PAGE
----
How to Choose a 2-Person Thru-Hiking Tent by Mandy "Veggie" Redpath

How to Choose a 2-Person Thru-Hiking Tent by Mandy "Veggie" Redpath

You are dreaming about sleeping outside in the wilderness cozy in a 2-person tent with your partner or friend – but there are too many tent options to choose from!  From freestanding tents to double or single wall tents to tarps and tent fabric…I’ve got you covered.

My partner and I have gone through 3 different two-person tent setups together and I’m here to break down what to look for to find the perfect 2-person tent for you!

As you read through these options, think about how much comfort you want AND how ultralight you want to go.  Furthermore, have a budget in mind.  Finding the right 2-person tent for you is finding how (un)comfortable you can be without sacrificing pack weight.

Let’s dig in!

6 Major Factors in Choosing a 2-Person Tent

Here is a breakdown of the major factors you should consider before buying your 2-person tent. 

Think about where YOU will be using this tent and WHO you’ll be using it with.  Consider the weather you’ll generally be in (summer heat vs winter snow), how tall you are, your budget, and how much weight you’re willing to carry (or not carry).

You’ll be the happiest with the tent that most suits your needs and how you like to hike.  Just because another couple loves their tent, it doesn’t necessarily mean you will, too.  And that’s why there are so many options!

Freestanding Tents Vs. Not Freestanding Tents

The BIGGEST factor to consider FIRST is whether you want a freestanding tent or a not-freestanding tent.

A freestanding tent uses dedicated tent poles and will stand up on its own without tent stakes.

A not-freestanding tent may or may not have its own dedicated tent poles and it won’t stand up without tent stakes.  Most of these can use your hiking poles as tent poles which saves you considerable weight!

The biggest freestanding tent pro is that you can set up on wooden platforms or areas with very hard ground.  This is helpful if you primarily like to camp in national parks.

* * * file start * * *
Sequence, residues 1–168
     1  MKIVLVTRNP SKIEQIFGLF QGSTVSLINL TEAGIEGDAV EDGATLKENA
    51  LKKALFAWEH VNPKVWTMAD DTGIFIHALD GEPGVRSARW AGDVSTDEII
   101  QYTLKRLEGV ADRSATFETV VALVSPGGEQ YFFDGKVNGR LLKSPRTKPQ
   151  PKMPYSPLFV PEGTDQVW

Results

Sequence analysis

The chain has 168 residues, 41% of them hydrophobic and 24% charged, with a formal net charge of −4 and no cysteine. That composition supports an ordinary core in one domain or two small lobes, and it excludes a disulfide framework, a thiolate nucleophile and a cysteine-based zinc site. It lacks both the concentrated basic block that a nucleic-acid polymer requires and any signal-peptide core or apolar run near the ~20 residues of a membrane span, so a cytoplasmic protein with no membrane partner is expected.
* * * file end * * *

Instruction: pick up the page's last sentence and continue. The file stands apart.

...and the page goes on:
Freestanding tent cons are that they tend to be heavier, and they get wetter when taken down in the rain.

The biggest non-freestanding tent benefit is that it’s almost always lighter.  Often these options allow you to separate the bug net from the tarp portion which makes breakdown in the rain easier.

Non-freestanding tent cons are that they can be difficult to set up on tent platforms or very hard ground.  Sometimes, they require more tent stakes than freestanding tents.

Double Wall Vs Single Wall

Depending on the weather and season you plan to hike will help you here. 

If you are planning your thru-hike for the spring, summer, or fall you’ll likely only need a single wall tent.  That’s because overall, you’ll be hiking in milder weather.  Occasionally, if you go higher in elevation and end up in snow, a single wall tent will suffice as well.

If you are planning to consistently hike in snow in the winter, you’ll want a double wall tent.  This will provide significantly more insulation in colder, often sub-zero temperatures.

For example: if you’re going for a PCT thru-hike, a single wall tent will be great in the desert and likely be fine in the Sierras.  If you’re going particularly early, you could always switch your gear for the Sierras and switch back later!

In thru-hiking terms, you will likely not need a double wall tent.  The last time I personally used one was when I hiked winter weekends in the Adirondacks and the temperatures frequently dipped below zero Fahrenheit.

1 Vs 2 Vestibules

Getting a 2-person tent with 1 or 2 vestibules is largely a personal preference.  However, your height can factor in here if you’re 6 ft tall or more.

2-person tents with 1 vestibule often have the vestibule near your heads.  Thus, you’ll climb in and out from a single tent door possibly over your partner or friend’s head.  If you’re tall, you will often have your backpacks here and will also need to climb over those.

The 2-vestibule option usually has a vestibule on both long sides of the tent with two doors.  Essentially, you’ll each get your own vestibule to place your pack as well as entering and exiting.